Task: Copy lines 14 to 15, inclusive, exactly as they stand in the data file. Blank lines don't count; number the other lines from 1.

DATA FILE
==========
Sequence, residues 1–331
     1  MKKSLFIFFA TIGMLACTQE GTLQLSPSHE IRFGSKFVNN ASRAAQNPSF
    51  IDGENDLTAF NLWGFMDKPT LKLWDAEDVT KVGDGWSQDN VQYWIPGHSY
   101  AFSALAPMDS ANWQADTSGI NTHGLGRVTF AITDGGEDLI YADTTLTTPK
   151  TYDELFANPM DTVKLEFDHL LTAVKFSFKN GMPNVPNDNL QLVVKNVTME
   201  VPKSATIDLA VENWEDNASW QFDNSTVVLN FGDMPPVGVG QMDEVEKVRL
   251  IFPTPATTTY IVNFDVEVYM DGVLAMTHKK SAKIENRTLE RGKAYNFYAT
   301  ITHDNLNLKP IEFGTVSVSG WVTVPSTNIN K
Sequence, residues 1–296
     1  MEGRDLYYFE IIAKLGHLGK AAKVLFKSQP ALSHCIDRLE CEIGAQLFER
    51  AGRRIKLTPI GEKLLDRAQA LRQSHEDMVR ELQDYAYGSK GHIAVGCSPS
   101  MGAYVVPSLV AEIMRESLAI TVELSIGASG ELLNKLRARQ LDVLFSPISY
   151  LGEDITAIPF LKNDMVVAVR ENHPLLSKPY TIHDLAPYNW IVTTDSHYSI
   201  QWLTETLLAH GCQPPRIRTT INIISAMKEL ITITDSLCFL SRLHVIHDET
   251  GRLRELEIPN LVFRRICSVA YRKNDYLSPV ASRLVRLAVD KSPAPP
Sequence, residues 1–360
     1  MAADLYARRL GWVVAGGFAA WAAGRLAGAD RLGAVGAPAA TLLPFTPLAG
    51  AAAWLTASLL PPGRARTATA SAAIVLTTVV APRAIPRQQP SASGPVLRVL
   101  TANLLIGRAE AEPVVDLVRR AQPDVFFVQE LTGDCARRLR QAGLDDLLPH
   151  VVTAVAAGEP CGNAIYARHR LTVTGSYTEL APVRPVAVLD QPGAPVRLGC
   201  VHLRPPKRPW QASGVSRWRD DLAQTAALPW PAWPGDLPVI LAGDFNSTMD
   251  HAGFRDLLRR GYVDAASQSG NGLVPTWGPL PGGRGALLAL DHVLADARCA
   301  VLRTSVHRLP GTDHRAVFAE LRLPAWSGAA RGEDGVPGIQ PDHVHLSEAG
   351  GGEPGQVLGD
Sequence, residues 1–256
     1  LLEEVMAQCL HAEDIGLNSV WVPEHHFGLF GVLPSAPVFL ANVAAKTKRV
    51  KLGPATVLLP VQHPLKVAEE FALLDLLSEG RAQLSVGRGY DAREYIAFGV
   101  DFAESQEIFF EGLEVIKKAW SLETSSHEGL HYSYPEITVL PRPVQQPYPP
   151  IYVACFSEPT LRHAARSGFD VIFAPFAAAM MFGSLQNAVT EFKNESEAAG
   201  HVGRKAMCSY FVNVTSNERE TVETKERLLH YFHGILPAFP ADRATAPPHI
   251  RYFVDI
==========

   201  QWLTETLLAH GCQPPRIRTT INIISAMKEL ITITDSLCFL SRLHVIHDET
   251  GRLRELEIPN LVFRRICSVA YRKNDYLSPV ASRLVRLAVD KSPAPP